Posted by: Kathy | July 13, 2009

When Does It Stop Hurting?

Last night I was getting ready for bed, thinking about a jewelry party I’ve been invited to. I spoke with the person giving the party about a half hour before this and she said to bring a friend. I was thinking about my one friend, wondering if she had plans. Then it popped into my head “Oh, I can just take my mom.” Huh? My mom has been gone for almost 8 months now. Why did I think of that?

I managed to put that “mistake” of a thought out of my head last night. I prayed and I talked to my mom and then fell into blissful sleep probably because I hadn’t slept well the night before. But today that question of “Why” is back, accompanied with the pain of grief. After my husband came home from dropping off the kids, I walked downstairs and tearfully told him what had happened. I told him that I felt stupid for thinking that, and I couldn’t begin to understand why something like that would pop into my mind. He told me that it was natural – I think about my mom all the time, she loves jewelry, and if she were alive I’d probably take her with me to this party.

All of what he said is true, but my husband thinks in logical ways, and that’s not me. I think in emotional ways (whether or not that’s a “way” of thinking, it’s how I feel), and a lot of the time, for me, there isn’t much logic in emotion. The way I look at it, logic comes from the mind, while emotion pours out of the heart. I am an emotional person. 

The pain of my mom’s death has been very raw these days, very much at the surface. I find myself crying at stupid things. In my office, in the car, in the shower, I cry. Most of the time, I let the tears fall when no one else is around to see them, especially my kids. I don’t want people to know how much pain is still inside of me, 8 months after my mom’s death. I know there are some people who think “enough is enough, get over it, move on” while others are thinking “it’s ok to still be upset, you loved your mom, you miss her, not that much time has passed since her death”. But I’ve always been one to try to hide my true feelings, so the “trend” continues.

I asked my husband a question this morning, one that I knew he couldn’t answer, and one that I knew would reveal a bit of what is going on inside of me, not that he doesn’t already know.

When does it stop hurting?

It’s not the big picture overall but the little things that can hurt the most. They pop up, unexpectedly, and it’s not something normally thought about on a daily basis. The big picture, mom’s death from pancreatic cancer, is something I’ve basically accepted and think about often in different ways. But that little thing, a simple get together I know my mom would have enjoyed going to because she loved jewelry, produced a single thought in my mind, something completely unexpected and unexplainable, that really hurt and continues to bother me.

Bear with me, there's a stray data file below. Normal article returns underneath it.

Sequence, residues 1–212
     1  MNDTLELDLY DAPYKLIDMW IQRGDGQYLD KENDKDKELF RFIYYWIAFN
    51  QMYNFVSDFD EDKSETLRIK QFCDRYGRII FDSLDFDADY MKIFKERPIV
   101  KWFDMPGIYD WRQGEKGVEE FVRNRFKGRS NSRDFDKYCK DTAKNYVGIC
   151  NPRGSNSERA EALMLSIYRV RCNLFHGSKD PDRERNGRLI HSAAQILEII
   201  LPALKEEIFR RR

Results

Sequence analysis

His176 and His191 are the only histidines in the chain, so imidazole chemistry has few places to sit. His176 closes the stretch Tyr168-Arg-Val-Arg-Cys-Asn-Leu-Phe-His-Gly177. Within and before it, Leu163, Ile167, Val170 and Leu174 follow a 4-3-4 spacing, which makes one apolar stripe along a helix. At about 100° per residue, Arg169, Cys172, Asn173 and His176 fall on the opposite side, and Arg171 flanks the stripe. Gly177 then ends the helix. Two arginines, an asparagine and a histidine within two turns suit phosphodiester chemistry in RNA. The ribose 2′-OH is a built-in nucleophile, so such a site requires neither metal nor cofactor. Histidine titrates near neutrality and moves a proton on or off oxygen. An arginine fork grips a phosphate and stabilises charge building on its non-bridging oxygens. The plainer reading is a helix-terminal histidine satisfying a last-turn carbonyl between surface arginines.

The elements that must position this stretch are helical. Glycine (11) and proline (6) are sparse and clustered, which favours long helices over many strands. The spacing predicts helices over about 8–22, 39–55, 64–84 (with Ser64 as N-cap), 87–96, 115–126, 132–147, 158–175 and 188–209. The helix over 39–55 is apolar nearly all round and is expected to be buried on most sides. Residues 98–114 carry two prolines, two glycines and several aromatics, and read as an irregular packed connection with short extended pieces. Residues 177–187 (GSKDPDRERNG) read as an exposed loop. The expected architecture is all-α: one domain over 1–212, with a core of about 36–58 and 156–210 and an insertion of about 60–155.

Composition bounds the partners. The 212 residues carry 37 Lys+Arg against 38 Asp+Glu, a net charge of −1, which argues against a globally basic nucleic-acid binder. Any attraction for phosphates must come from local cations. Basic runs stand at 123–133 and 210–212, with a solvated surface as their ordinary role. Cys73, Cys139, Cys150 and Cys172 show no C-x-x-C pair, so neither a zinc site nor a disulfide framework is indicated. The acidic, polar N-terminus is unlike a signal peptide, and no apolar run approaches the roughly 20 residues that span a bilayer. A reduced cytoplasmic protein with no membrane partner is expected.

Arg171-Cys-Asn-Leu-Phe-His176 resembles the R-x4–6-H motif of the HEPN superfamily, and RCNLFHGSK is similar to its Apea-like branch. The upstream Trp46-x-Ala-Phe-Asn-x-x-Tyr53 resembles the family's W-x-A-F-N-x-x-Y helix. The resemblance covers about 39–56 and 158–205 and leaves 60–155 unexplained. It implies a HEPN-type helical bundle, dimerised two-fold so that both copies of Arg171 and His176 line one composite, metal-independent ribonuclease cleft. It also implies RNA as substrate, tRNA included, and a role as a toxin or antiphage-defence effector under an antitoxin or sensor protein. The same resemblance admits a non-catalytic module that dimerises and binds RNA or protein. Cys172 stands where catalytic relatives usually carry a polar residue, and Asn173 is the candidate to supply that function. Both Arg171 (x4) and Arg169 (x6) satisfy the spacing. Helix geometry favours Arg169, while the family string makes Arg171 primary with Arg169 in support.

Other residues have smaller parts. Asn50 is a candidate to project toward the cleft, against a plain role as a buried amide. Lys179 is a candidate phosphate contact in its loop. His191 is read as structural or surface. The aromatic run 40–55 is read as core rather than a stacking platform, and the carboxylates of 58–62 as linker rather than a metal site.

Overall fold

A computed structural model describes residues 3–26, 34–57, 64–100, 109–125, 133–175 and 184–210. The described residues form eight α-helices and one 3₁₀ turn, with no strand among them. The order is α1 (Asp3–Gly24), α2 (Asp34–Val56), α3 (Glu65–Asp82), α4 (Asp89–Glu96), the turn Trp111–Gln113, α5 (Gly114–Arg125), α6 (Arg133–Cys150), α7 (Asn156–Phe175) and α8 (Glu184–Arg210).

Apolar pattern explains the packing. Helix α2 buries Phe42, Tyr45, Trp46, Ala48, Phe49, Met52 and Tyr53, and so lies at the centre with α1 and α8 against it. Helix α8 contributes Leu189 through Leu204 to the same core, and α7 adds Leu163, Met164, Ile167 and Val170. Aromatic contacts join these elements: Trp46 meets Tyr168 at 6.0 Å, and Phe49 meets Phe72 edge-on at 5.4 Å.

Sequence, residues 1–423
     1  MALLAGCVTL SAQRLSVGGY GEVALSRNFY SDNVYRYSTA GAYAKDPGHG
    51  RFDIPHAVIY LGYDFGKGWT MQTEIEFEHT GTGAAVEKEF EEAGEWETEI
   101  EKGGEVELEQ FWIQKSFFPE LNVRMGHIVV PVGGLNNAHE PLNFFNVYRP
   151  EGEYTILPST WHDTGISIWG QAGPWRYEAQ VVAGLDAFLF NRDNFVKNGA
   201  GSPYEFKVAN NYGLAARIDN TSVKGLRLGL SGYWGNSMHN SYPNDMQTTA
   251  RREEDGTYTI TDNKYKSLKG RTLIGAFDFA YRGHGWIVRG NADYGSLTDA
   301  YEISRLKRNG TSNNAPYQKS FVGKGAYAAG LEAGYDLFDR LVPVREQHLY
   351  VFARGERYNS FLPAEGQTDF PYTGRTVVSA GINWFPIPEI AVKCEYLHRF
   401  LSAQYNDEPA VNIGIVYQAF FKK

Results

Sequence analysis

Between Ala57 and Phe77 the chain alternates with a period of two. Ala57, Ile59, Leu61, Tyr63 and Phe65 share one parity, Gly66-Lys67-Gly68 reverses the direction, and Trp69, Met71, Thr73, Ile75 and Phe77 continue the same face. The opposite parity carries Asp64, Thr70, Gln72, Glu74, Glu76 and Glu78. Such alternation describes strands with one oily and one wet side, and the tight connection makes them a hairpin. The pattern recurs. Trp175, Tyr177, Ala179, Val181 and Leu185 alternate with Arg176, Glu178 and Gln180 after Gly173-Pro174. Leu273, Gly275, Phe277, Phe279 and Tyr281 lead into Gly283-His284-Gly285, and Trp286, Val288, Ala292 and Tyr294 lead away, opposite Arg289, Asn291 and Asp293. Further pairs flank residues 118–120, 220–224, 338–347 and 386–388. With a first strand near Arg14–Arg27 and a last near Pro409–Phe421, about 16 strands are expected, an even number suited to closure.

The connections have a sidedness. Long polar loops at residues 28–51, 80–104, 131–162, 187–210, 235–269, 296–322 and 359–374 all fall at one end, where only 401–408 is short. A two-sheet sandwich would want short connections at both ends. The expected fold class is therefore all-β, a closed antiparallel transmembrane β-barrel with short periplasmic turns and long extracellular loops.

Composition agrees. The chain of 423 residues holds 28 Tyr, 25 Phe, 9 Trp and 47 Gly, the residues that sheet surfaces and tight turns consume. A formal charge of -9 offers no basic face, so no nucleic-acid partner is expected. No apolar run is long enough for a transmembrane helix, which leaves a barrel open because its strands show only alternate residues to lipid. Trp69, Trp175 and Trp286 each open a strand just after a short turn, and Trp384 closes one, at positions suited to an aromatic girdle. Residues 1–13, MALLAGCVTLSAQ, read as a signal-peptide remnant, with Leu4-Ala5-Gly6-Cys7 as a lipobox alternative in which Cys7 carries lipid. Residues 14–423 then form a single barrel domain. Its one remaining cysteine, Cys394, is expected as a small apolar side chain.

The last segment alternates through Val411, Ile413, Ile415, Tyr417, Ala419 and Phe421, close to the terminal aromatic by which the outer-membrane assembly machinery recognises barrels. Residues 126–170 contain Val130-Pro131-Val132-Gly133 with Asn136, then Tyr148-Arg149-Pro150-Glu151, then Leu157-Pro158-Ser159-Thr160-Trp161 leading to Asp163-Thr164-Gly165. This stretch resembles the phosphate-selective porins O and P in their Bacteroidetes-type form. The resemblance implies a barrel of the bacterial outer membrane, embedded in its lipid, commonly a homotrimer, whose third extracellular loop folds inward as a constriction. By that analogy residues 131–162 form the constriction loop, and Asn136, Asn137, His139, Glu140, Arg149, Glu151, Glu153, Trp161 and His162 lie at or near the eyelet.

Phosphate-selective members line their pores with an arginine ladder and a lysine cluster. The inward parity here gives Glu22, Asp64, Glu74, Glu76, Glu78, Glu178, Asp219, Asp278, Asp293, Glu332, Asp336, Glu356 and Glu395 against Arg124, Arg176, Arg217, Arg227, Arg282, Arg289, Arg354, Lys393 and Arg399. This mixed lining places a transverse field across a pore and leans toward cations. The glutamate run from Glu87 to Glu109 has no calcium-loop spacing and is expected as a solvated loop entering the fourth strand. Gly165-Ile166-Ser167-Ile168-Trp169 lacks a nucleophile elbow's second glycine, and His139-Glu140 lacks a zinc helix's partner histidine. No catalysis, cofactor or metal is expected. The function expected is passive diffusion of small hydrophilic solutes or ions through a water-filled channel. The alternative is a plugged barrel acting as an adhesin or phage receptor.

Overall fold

1. I ran across your blog today and hope you don’t mind that I’m leaving you this message.

    I lost my Dad 5 years ago and it still hurts. Most of the time I’m “normal”. He pops into my mind all the time, but it’s mostly good memories and longing for him to be here. But sometimes I have flashbacks of what it was like when he was in the hospital going through chemo and it hurts like it just happened yesterday.

    I wrote a blog entry about my Dad yesterday to honor him and it took me through his illness all over again. My boyfriend didn’t know what to do or how to cope. He still has both of his parents, so he has no idea what it’s like.

    I feel better today, but am drained. I wrote about my feelings and conversation with my boyfriend in today’s entry, if you want to check it out.

    My short answer to your question is: Never. But the pain does dull and as time passes, it hurts less frequently. But I think that it’s never going to go away. My Mom still gets tear-y when she thinks about my Grandma who died in 1974.

    Oh, and my “mistake” was when one of my guy friends called me before Dad’s funeral and asked if I needed him to be a pallbearer. My first thought was, “That was nice of him! I’ll have to call Dad and tell him about it.” Seriously.

  2. This is very insightful for people who have friends going through this mourning process. Through this increased understanding I have gained, I can be a better friend and help you deal with this. Thank you!

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